Tickets for Glastonbury 2017 sold out in under an hour after going on sale at 9am on Sunday, 9 October, despite the website for distributor SEE Tickets crashing.
Eager music lovers fought desperately to book their place at the iconic festival, with all 135,000 tickets selling out in just 50 minutes.
But fans struggled to get their hands on tickets when the website for SEE Tickets, the official partnered provider, crashed.
According to the BBC, this year marks the first occasion no sales were made over the phone, with registered users instead directed to glastonbury.seetickets.com.
Frustrated would-be buyers took to Twitter to vent their frustration.
A statement on the Glastonbury website read: "We have, once again, been blown away by the incredible number of people from around the planet who hoped to come to the Festival, with demand significantly outstripping supply.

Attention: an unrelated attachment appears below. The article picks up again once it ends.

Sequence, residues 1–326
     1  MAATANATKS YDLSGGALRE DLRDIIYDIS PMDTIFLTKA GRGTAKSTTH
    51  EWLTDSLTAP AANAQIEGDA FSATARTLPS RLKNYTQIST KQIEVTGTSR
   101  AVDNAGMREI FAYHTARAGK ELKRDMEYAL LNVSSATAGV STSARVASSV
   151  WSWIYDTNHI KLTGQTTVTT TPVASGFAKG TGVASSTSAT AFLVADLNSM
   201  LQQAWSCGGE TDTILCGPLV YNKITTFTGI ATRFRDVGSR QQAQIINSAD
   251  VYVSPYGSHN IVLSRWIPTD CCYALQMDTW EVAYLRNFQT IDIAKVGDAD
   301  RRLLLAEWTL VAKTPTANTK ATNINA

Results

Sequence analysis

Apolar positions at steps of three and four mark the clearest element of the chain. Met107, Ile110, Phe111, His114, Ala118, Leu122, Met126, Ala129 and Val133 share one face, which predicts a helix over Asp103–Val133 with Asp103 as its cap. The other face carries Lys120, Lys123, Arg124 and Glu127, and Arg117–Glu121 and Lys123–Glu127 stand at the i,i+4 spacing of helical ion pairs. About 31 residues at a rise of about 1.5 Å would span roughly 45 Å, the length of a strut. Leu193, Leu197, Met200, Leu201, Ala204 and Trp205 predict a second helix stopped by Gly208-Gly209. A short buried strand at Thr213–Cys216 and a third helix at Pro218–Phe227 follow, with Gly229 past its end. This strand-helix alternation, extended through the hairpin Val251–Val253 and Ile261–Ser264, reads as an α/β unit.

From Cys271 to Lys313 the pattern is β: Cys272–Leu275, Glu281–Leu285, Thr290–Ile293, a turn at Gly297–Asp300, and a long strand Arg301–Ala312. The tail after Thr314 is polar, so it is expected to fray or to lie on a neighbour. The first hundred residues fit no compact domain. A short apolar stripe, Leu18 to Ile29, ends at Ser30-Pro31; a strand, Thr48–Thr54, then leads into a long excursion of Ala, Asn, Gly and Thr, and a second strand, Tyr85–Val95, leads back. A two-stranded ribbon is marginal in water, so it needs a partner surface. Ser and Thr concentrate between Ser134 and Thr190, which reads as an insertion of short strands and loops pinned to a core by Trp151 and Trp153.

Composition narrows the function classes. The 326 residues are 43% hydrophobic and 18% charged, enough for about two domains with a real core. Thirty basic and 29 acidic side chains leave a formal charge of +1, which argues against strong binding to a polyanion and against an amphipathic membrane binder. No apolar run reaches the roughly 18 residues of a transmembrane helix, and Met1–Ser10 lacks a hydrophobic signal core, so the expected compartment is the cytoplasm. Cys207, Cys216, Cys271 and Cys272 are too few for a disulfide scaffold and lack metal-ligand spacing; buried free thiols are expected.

"We're sorry to all of those who missed out – we wish we could fit everybody in! – but there will be a resale of any returned tickets in the spring, and registration will open again in the next few days."
In addition to the resale, several charities attending the festival offer tickets to volunteers.
On Thursday, 6 October, coach packages to the festival sold out in 23 minutes, and a number of fans also suffered website difficulties.
The festival is no stranger to fast sales. Last year 120,000 passes were bought in just 30 minutes.
A £10 price increase raised the ticket price to £238 plus a £5 booking fee, although fans do not need to pay the full balance until early next year. Those lucky enough to connect to the site were able to buy six tickets per person.
The festival is expected to take its traditional fallow year after 2017, despite founder Micheal Eavis previously stating he "didn't really want to have a year without a festival" and suggesting the event could be held somewhere else in 2017 or 2018.
However, organisers have now laid rest to this idea, claim the Daily Mail.
Glastonbury 2016 saw headline performances from Adele, Coldplay and Muse.
Electronic music icons Daft Park, Ed Sheeran and Kraftwerk have been tipped to be among the headline acts for next year's event.